Updated: Jun 19, 2019
Being it’s last week in the cinema, I really wanted to make time to watch J. J. Abrams newest feature, Overlord. With hours until the historical D-Day, this story centres around four surviving soldiers on a mission to destroy a radio tower, located above a highly guarded church in France. With the objective of allowing air support to assist allies in Normandy, the mission is the top priority, but when the characters stumble upon an underground Nazi lab containing grotesque experiments, things take an unexpected turn.
Ooo how dramatic. That intro got tense didn’t it. Lets bring it down a tone.
Hi, it’s Elise, sorry I haven’t posted in a while, but let’s get right back into it.
This film is bloody good. This film is also just bloody. But we’ll get to that later. The first thing to applaud here is the consistency between the trailer and the film in terms of tone and content. It’s not very often that a trailer perfectly depicts a movie without completely giving it away. Basically, if you like the look of the trailer (link at the bottom) then you’ll definitely like the final feature.
Director Julius Avery makes a statement with this war, horror, sci-fi hybrid. The cast are made up of distinctly good actors that are also low key enough to contribute to authenticity. The opening scene is phenomenal and definitely the best bit, so make sure you don’t get to the cinema late. Starting on a plane in the middle of a war zone, our primary characters are introduced in a claustrophobic enviroment which very quickly encounters a chaos that shows no mercy to the men on board. The length of the shots are impressive and add to the building tension. In a recent interview, Avery revealed that the lengthy shots were used to create a sense of first person involvement. He wanted to make the audience feel everything the characters were feeling in that moment, and the only way to do that was to submerge them.
Wyatt Russel explained “when you see people flying across the wall and there’s bodies blowing up, bullets are flying [...] that’s all real.” The imagery and special effects definitely kept the audience holding their breath. Weirdly, when Boyce, played by Jovan Adepo, jumped out of the plane, I could almost feel the change in temperature. Also I sensed a subtle use of foreshadowing when Boyce burst through the water into the parchute, be that intentional or not. The first 10 minutes alone are worth paying to see.
Given the historical context, the story didn’t need to spend too much time setting the scene or establishing the enemy. I think we can all agree Nazi’s are bad. Next. The audience have a pre-existing sense of how urgent this mission is. The stakes are high, and this adds a palpable tension which I also think helped give this story pace. I often find war movies drag on where they focus too much on recreating reality.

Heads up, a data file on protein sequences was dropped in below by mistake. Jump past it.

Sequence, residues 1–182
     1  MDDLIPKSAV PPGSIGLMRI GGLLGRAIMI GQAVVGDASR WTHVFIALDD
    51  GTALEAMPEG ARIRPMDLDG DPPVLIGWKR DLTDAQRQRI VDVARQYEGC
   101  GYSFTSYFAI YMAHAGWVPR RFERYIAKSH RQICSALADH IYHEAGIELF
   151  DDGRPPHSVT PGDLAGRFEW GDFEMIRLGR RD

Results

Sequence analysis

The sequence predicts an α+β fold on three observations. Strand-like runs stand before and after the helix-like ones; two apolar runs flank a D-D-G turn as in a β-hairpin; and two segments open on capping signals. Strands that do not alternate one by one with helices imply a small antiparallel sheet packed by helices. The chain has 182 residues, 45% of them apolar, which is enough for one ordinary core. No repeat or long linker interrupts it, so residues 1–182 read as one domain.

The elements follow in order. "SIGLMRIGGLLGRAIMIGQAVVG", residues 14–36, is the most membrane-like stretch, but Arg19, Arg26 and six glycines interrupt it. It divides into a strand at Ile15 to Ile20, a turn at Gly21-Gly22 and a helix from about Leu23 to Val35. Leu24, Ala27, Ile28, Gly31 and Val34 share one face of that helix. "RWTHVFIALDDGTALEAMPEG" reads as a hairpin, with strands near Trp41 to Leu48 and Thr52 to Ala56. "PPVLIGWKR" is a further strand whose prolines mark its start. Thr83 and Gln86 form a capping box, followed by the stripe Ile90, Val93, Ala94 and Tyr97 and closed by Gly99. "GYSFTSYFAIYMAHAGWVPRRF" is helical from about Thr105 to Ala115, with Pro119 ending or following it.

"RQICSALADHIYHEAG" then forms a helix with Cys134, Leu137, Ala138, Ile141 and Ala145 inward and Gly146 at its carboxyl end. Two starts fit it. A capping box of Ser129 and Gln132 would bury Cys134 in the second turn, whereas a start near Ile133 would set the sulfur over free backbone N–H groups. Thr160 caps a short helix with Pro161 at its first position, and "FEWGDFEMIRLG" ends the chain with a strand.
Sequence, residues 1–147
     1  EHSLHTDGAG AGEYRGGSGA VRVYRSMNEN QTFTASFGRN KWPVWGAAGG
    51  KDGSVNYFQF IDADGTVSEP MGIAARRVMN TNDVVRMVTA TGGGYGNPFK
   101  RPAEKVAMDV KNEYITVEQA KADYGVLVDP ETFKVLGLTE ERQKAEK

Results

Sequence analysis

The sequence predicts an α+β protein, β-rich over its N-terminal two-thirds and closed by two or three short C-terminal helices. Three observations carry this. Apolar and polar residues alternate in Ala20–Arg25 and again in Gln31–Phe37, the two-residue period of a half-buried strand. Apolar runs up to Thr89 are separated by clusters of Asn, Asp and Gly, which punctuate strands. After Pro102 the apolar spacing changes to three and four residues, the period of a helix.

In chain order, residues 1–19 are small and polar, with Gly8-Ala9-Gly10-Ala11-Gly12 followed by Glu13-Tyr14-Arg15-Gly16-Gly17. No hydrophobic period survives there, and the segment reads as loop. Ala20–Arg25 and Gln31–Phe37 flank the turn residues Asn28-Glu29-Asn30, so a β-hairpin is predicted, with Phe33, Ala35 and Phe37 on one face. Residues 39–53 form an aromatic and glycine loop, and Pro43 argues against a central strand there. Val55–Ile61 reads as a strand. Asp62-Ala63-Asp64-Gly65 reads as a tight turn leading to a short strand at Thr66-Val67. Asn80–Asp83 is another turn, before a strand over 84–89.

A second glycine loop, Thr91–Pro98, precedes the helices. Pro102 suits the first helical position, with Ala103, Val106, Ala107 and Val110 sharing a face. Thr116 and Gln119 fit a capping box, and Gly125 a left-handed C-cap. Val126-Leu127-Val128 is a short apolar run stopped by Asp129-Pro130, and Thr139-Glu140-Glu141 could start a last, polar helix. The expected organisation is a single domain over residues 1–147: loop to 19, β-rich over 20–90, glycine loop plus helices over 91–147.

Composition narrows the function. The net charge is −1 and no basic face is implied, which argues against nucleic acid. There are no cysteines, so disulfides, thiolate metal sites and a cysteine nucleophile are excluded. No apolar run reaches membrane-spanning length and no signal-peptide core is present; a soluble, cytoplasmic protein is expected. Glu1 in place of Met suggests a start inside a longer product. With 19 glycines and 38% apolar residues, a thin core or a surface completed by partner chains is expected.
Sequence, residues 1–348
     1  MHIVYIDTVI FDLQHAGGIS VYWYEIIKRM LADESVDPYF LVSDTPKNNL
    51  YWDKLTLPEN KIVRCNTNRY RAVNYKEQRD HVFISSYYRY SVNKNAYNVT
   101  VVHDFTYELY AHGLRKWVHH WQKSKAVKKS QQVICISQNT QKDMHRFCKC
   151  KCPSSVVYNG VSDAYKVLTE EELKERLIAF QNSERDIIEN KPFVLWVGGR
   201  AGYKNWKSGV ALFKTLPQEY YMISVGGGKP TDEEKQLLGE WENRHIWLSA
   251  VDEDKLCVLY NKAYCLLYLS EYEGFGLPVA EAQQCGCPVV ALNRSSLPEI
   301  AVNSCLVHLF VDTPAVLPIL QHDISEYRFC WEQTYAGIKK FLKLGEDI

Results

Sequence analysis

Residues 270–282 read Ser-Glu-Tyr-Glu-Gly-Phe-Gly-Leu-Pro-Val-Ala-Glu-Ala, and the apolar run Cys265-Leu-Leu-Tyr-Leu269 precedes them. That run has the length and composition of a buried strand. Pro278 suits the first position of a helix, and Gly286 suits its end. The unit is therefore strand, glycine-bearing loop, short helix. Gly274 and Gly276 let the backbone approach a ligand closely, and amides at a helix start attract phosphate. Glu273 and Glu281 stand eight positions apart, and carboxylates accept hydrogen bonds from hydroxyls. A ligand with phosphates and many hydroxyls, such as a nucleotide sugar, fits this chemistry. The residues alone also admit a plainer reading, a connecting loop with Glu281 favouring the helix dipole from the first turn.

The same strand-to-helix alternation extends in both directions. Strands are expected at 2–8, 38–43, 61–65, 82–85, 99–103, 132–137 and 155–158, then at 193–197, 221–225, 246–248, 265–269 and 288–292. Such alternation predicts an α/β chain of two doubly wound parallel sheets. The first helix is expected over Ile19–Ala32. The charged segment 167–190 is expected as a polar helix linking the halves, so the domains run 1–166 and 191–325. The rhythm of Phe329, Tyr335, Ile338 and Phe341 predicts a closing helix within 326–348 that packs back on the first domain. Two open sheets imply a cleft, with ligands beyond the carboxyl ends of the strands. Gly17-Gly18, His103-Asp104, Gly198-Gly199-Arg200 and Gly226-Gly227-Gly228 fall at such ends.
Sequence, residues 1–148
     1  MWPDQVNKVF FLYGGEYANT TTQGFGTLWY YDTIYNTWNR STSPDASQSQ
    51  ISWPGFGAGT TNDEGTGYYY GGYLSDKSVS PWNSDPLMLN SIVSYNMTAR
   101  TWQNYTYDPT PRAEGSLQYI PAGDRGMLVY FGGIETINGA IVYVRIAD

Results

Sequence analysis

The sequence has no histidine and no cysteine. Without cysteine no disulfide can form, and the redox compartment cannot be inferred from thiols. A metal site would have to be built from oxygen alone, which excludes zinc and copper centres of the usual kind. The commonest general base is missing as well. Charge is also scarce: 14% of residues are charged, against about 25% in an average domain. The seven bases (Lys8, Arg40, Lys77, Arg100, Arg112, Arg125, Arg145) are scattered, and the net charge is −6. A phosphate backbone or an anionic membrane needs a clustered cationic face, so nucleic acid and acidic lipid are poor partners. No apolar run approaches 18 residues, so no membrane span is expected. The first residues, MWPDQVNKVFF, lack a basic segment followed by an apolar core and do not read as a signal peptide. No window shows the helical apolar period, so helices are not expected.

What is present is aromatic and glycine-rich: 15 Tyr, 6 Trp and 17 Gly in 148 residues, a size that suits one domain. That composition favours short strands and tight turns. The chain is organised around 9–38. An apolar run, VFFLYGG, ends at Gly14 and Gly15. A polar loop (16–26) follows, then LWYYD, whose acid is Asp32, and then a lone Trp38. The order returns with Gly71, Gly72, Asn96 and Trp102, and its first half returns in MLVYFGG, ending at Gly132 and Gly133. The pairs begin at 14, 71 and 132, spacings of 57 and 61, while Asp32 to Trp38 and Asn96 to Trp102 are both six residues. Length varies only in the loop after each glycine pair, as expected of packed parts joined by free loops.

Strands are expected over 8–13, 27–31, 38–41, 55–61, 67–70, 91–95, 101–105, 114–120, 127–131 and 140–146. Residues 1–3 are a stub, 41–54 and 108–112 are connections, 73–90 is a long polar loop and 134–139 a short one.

However thats where the importance of context should end. I have seen online reviews of Overlord complaining that it was historically incorrect. No s***. It’s about Nazi zombies. It’s a fantasy renovation of the war, not a retelling of real events.
That being said, I do feel as though Overlord sees itself as a war film primarily and a sci fi second. It’s almost as though it only wants to dip a toe into the fantasy genre. I’ll admit there wasn’t as many ‘zombie’ conflicts or zombies at all, as I thought there was going to be. To some this might be a criticism but to be honest, I think it worked better. The lab experiments under the church are horrifying in a very human way. The film doesn’t ask too much of the audience, considering that the nazi’s really did undertake sadistic experiments during WW2, I don’t think this concept is completely unbelievable.
Also, I was really impressed with the puppetry, costume and make up that went into the most shocking scenes of this film. Whilst Overlord is most certainly not for the squeamish or faint hearted, I don’t think it depended on gore and jump scares.
This isn’t a perfect film by any means. I found it to be a bit happy-go-lucky in the way characters were running around in a heavily guarded lab and Nazi hideout with minimal trouble. Furthermore, the squads of Nazi’s apparently had 100% worse firearm accuracy than the two Americans holding them off. But hey, thats Hollywood. There were plenty more scenes that captivated me, so I think I can forgive the characters’ sometimes questionable good fortune.
Overall, I really enjoyed Overlord, I think Julius Avery had a vision and he executed it confidently. Given the run time was 1 hour 48 minutes, this movie had good pace, believable characters, fun action sequences and a heavy sprinkling of gore and horror. War films are often a hit or miss and for me this one was a hit.
Link to the trailer is below as usual. Make sure you go see Overlord while it’s still in cinemas!
Thanks for reading,